Eight Responses to the Pro-Choice Mindset

I once said that I’d die to keep abortion legal and easily accessible, and I meant it. I was vehemently pro-choice, as were most of the women in my social circles. We believed abortion was a critical right for women and could not imagine how anyone could be pro-life. We were products of a culture in which human sexuality had been severed from its inherent connection to the creation of human life. Our generation had been taught in our public school sex-ed classes not that sex creates babies, but that unprotected sex creates babies. We were assured that the creation of new human life was tangential to sexual activity, something that was not only optional but completely controllable. In fact, babies were considered downright antithetical to sex.

In my life as a young adult I knew many women who had abortions, and in every case their attitudes regarding their pregnancies were ultimately the same: “I didn’t sign up for this.” Society had assured them that sex did not have to have life-altering consequences, and their unplanned pregnancies came as unwelcome surprises. In this panicked frame of mind they — and those of us who supported them — were susceptible to the pro-abortion message that their babies were nothing more than “tissue,” that abortion was merely “pregnancy termination” and not the taking of a human life.

After a religious conversion that led me to the Catholic Church, I began to rethink my pro-choice position. Specifically, the Church’s teaching on human sexuality reshaped my worldview in such a radical way that, for the first time, I was able to take an honest look at what abortion really is. The Church’s teaching that sex intrinsically contains the possibility of creating new human life released the pressure that the contraceptive mentality had put on me to see babies as enemies. Once I saw abortion for what it was, I could hardly believe that I ever supported such a procedure. It is a testament to the power of the contraceptive mentality that for so many years I managed to ignore the reality of my beliefs.

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Below are eight statements that I believed when I was in favor of abortion, along with suggestions for how you might respond to those who hold similar views. And remember: Most people who favor abortion need to re-think human sexuality before they can be in a mindset to really “hear” the arguments against abortion.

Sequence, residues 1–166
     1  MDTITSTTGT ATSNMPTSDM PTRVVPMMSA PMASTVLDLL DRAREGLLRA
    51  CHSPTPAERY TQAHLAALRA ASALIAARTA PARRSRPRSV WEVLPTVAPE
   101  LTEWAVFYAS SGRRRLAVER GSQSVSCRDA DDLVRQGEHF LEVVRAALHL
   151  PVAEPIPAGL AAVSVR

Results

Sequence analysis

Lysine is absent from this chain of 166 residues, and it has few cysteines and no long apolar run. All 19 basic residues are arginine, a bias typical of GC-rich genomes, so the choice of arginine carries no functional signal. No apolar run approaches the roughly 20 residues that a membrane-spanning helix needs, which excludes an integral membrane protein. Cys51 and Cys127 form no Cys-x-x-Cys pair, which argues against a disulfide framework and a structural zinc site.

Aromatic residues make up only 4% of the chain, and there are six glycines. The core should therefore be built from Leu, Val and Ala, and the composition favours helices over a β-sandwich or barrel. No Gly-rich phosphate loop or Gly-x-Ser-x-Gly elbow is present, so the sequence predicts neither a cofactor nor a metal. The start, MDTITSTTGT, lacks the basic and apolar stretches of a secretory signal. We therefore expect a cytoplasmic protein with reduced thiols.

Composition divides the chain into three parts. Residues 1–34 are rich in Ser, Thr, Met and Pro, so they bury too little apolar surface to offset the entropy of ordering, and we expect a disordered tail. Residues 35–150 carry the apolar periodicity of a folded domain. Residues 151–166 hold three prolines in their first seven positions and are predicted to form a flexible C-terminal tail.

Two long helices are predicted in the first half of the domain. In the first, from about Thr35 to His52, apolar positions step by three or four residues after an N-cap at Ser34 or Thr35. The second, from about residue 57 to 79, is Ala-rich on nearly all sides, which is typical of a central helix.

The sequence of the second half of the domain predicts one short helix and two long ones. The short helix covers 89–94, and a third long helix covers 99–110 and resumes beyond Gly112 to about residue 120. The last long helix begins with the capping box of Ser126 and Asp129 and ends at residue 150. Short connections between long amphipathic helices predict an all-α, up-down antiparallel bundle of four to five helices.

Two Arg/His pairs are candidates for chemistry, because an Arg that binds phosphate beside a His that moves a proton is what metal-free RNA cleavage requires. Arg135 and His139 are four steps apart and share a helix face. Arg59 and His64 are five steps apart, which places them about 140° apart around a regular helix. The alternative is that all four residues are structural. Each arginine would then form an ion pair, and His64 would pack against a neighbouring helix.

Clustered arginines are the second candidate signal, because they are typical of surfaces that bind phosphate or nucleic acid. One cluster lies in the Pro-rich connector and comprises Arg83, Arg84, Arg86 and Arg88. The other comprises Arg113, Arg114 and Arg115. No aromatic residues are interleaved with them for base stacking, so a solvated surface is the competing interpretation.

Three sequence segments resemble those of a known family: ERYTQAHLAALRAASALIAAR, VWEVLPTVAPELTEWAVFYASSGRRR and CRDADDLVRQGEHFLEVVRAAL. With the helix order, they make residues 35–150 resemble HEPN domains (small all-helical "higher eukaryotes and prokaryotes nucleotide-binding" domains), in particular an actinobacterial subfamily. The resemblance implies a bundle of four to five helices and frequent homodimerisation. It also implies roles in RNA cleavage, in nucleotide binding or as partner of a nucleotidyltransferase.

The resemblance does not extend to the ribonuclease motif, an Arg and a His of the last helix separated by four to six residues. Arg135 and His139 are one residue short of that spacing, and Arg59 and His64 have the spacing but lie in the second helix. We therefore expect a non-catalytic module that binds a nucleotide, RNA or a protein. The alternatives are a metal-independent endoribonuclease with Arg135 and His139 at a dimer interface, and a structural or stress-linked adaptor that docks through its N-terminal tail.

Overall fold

“Sex is primarily for pleasure.”

This deep misunderstanding about the nature of human sexuality is one of the key driving forces behind the modern abortion movement. When women accept the “truth” that sex only has as much meaning as they want it to, that it is not inherently a sacred and tremendously powerful act, they are set up for disaster. This is like saying that loaded guns can be used as toys so long as you put blanks in the chamber: To misunderstand such a significant act on such a fundamental level is a recipe for catastrophe.

In particular, the belief that the life-giving potential for sex is controllable and optional leaves women feeling shocked and trapped when new life is unexpectedly created — and extremely vulnerable to lies that would dehumanize the new life within their wombs.

A 2004 study showed that the vast majority of women who had abortions said that they did so either because having a baby would dramatically change their lives or because they didn’t think they could afford a child. In our society, those conditions are not considered reasons not to have sex; they’re reasons not to have a baby. When you think about the glaring disconnect between the concepts of sexual activity and creating new life, it’s easy to see how this mindset fuels the pro-abortion mentality.

As long as people believe that it is perfectly acceptable to engage in sexual activity even when they think a baby would ruin their lives, the temptation to dehumanize and disregard new life will win out. In order to foster a pro-life culture we must help women see that it is not the new life that traps them, but the lie that sex can be severed from its life-giving potential in the first place.

“Contraception prevents abortion.”

According to the pro-choice Guttmacher Institute, only 8 percent of women who have abortions have never used contraception, and more than half were using contraception when they conceived the pregnancies that they sought to abort. It is the widespread acceptance of contraception that allows societies to delude themselves into believing that sex is no big deal; and when women engage in sexual activity with that mentality, they are utterly unprepared to deal with huge, life-changing responsibilities like pregnancy, childbirth, and babies. Both statistics and basic reason show that contraception is not a cure for abortion, but a cause.

“It’s not a baby.”

It’s critical to understand that your pro-choice friends and family members are not in favor of killing babies — nobody would ever support such a terrible thing. Our culture has assured abortion supporters that the heartbeat stopped during abortion belongs only to a fetus, a sub-human organism. Terminology is key in the pro-abortion mentality: Dehumanizing words like “fetus” or “clump of cells” or “mass of tissue” allow people to tell themselves that abortion is not the taking of human life.